Red Moon apple: flavour & characteristics of the red apple variety


I am a student of agricultural sciences and a real country kid. At home, I love tending my small vegetable garden and spending time out in nature. When not outdoors, I love to write. Beyond gardening and writing, however, I am particularly passionate about wildlife.

Favourite fruit: currants and raspberries
Favourite vegetables: salsify, savoy cabbage and potatoes

What does the ‘Red Moon’ apple taste like and where does it come from? Here is everything you need to know about this red-fleshed apple variety.

cluster of red moon apples
The ‘Red Moon’ variety is instantly identifiable by its dark red fruits [Photo: ninette_luz/]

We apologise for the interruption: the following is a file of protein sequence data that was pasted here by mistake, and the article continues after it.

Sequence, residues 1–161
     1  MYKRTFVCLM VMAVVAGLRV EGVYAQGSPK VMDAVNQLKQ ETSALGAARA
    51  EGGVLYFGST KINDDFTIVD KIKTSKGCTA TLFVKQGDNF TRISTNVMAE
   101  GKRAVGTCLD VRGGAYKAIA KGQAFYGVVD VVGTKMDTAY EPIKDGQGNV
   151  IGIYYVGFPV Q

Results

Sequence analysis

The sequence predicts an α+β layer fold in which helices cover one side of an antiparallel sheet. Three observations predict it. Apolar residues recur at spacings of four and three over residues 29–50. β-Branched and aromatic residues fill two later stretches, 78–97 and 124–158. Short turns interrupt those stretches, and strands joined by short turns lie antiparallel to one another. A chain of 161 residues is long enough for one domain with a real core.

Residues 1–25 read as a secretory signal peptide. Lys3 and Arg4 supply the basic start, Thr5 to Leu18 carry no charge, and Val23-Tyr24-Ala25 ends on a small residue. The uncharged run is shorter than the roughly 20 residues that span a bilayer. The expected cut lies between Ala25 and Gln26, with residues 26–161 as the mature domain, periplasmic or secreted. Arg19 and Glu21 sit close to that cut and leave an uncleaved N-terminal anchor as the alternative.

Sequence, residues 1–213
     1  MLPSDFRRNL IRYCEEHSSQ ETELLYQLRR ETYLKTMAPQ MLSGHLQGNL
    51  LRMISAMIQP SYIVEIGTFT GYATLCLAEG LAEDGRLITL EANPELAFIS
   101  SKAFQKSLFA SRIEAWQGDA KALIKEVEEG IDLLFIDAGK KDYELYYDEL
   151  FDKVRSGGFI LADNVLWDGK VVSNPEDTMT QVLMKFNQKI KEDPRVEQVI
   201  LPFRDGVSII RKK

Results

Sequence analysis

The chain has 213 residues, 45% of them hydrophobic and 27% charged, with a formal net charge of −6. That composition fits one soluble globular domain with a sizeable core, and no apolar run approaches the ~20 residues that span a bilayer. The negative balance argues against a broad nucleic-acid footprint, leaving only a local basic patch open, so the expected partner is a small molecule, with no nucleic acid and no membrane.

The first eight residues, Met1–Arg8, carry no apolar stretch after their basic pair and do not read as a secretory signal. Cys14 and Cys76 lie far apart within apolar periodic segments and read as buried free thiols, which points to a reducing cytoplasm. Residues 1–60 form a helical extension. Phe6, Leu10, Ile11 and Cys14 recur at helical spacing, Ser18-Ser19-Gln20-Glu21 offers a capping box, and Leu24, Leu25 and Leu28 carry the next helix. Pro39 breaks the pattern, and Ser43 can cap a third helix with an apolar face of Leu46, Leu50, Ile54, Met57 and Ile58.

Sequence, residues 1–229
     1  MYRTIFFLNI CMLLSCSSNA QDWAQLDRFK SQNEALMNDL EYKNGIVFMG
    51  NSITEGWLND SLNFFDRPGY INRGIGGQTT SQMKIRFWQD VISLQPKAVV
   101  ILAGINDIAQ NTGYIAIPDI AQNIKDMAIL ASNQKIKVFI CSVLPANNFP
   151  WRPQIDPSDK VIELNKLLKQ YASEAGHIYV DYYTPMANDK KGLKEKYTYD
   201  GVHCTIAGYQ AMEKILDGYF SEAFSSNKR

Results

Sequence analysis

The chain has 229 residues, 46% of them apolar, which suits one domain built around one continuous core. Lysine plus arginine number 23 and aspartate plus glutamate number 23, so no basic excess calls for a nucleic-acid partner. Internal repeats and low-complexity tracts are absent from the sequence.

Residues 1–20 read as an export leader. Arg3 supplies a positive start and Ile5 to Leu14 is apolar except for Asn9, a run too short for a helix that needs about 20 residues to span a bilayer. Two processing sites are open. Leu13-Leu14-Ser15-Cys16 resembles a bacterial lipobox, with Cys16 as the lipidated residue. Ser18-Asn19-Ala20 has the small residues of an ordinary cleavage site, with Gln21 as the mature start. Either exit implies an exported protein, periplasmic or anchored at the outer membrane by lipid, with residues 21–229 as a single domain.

With pink blossoms and dark red fruits with equally red flesh, the ‘Red Moon’ apple variety more than lives up to its name. The apple tree’s intensely red fruits make it a real eye-catcher in the garden. But it is not only because of its colourful apples that the ‘Red Moon’ is a real sensation; its robust nature also makes this Russian variety a true collector’s item. Here is all you need to know about the ‘Red Moon’ apple, including how to use this old apple variety in the kitchen.

‘Red Moon’ apple: profile

Synonyms'Standard Red', 'Weirouge'
FruitMedium sized; deep red
FlavourJuicy, aromatic, tart
Harvest timeFrom end of September
Ripe to eatFrom end of September
Shelf lifeVery good; can be stored until March
ClimateUndemanding; very frost and weather resistant
Pests and diseasesApple scab resistant, susceptible to powdery mildew

Origin and history of the ‘Red Moon’ apple